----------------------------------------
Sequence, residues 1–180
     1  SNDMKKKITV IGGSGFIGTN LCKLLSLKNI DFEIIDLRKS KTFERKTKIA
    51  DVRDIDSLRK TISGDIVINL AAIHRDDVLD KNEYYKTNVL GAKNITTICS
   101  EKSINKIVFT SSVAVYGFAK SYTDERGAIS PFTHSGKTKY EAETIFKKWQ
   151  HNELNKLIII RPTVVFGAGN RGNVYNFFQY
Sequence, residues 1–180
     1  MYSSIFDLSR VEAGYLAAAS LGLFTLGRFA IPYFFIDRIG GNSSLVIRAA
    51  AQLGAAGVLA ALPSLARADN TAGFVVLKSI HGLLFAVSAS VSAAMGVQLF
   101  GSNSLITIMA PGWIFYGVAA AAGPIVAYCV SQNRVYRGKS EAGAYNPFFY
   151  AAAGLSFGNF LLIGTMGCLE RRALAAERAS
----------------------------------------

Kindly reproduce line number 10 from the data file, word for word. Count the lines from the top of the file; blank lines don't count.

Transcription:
   151  AAAGLSFGNF LLIGTMGCLE RRALAAERAS